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Sunday, December 19, 2010

All About iCap Part 1

iCap stands for Berhad is the only closed-end fund in Malaysia. It is listed on the main board of Bursa Malaysia. All mutual funds in Malaysia are open-end funds which offers their holders the right to cash in their shares at each day's valuation of the respective portfolio. A closed-end fund however does not issue new shares directly to anyone who wants to buy them. An investor has to buy the shares not from the fund itself but from another shareholder who is willing to part with them. Just like a normal equity stock, the price of the share fluctuates above and below their net asset value (NAV) depending on two things: supply and demand.

The fund is managed by Mr.Tan Teng Boo who is the CEO of Capital Dynamics. He is a true believer of value investing, a method founded by Benjamin Graham but made popular after being modified by Warren E.Buffett. I have met the awesome man during my visit to Investor Day in KLCC. Like me, I am also using value investing and that means we invest in undervalued companies in Malaysia. The fund has a RM140 million paid-up capital with a fixed number of shares at any given time.

Below is the fund's philosophy: To allow long-term shareholders to benefit from value investing. Investing in the fund allows the power of compounding work for you to offer superior returns. I will leave the fund's investment portfolio for another day as it is quite extensive to cover in one posting. Instead, we take a look at the fund's performance, track record and current valuation.
Since inception at 19 October 2005, iCap has an annualised return of 20% and cummulative return of 156% comparing to KLCI 10% and 64% respectively. Bare in mind that the fund managed to hold the ground even through the tough subprime US crisis that lead to world financial meltdown, this is value investing at its best.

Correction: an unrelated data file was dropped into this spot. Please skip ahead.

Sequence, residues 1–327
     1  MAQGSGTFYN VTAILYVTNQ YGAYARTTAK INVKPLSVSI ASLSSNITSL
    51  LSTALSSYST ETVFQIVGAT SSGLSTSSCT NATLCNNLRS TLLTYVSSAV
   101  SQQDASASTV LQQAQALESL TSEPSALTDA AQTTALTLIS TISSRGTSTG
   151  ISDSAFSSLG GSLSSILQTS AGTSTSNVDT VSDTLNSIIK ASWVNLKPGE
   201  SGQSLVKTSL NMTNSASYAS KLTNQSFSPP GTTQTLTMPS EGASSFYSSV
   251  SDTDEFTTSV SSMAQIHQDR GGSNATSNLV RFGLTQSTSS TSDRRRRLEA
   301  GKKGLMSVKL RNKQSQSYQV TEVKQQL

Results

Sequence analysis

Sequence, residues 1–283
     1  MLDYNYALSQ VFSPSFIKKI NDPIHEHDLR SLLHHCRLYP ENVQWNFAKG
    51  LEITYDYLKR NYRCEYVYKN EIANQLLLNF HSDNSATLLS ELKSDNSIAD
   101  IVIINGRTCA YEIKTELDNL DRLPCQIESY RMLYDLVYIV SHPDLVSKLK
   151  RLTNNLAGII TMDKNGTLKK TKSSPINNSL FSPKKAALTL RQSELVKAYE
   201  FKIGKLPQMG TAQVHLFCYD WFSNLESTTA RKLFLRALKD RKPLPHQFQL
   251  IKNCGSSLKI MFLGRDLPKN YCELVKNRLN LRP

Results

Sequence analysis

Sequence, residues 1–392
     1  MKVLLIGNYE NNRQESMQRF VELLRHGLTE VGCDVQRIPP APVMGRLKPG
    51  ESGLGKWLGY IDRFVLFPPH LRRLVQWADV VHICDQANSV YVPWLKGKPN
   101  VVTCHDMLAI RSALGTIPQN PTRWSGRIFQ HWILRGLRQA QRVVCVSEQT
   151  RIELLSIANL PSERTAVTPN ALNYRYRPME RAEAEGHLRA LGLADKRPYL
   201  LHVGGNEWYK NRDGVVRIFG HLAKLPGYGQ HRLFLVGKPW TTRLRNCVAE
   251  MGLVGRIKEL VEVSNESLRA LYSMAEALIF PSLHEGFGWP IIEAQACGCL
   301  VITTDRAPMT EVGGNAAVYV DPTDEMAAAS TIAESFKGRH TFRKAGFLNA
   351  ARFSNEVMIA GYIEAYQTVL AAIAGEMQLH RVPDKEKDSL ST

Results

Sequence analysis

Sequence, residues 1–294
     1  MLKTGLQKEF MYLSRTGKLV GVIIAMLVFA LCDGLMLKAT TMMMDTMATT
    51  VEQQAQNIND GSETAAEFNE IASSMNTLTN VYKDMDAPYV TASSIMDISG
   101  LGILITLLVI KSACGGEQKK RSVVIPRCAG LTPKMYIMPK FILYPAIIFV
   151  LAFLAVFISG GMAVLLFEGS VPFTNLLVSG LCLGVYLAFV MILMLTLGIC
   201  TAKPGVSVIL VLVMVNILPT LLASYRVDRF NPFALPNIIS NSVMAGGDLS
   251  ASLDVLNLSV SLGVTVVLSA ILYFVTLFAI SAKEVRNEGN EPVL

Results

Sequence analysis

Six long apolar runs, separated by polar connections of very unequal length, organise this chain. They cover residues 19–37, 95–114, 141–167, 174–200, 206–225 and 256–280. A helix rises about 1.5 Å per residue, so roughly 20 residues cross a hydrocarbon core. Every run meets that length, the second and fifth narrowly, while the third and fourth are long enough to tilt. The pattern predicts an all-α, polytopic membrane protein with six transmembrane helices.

The way the fund is valued is via Net Asset Value or commonly known as NAV like all other funds. Unlike them, iCap is being traded as it listed in the main board of Bursa Malaysia and thus you have two prices: market price and fund's NAV. The more people value the fund, the higher the price it commands, this is much like a supply and demand thingy which dictates the market price. The true performance of the fund comes from its net assets and we derived it using the term NAV.

At the current market price of RM2.09/share, iCap has a shareholder equity of RM292 million. As stated earlier, the paid-up capital for iCap is RM140 million. With RM292mil-RM140mil we have RM152 million of retained profits from Mr Tan's successful investments to date.
If we look at the fund's NAV (I call this true performance as it takes into account all current underlying securities) we have RM2.54 which is RM355 million. Taking RM355mil-RM292mil you get RM63 million. This figure represents the surplus of market value over carrying value of quoted investments. Say you bought Genting share at RM10.33, while current price is RM10.50, the difference is the surplus of market value. I think you understand now :)

To sum this up as the below charts. It is clear that there is a shift of fund premium to discount region. The current discount rate of -18% of the market price to fund's NAV is a big boon for investors. Never has it been so cheap to load up on iCap since its inception. Why the shift if you ask me? My guess is that people was spooked back then during the peaks of 2007 before the crash. On the back of recovery, people have not put faith as they did once leading to a very boring counter. It will be some time before people start to realise how powerful value investing is and finally bring demand in to squeeze supply leading to higher market price for iCap.


JW said...

Bargains, I like. So instead of a new plasma TV guess what I bought, haha. Queued for tomorrow. If it goes thru, icap shall be my first stock purchase *kancheong-ing

JW said...

1000 units of ICAP at 2.06 DONE!
Pretty happy with their stake in Parkson but a bit uncomfortable with Tong Herr n Mieco. Glad they have disposed much of HAIO.

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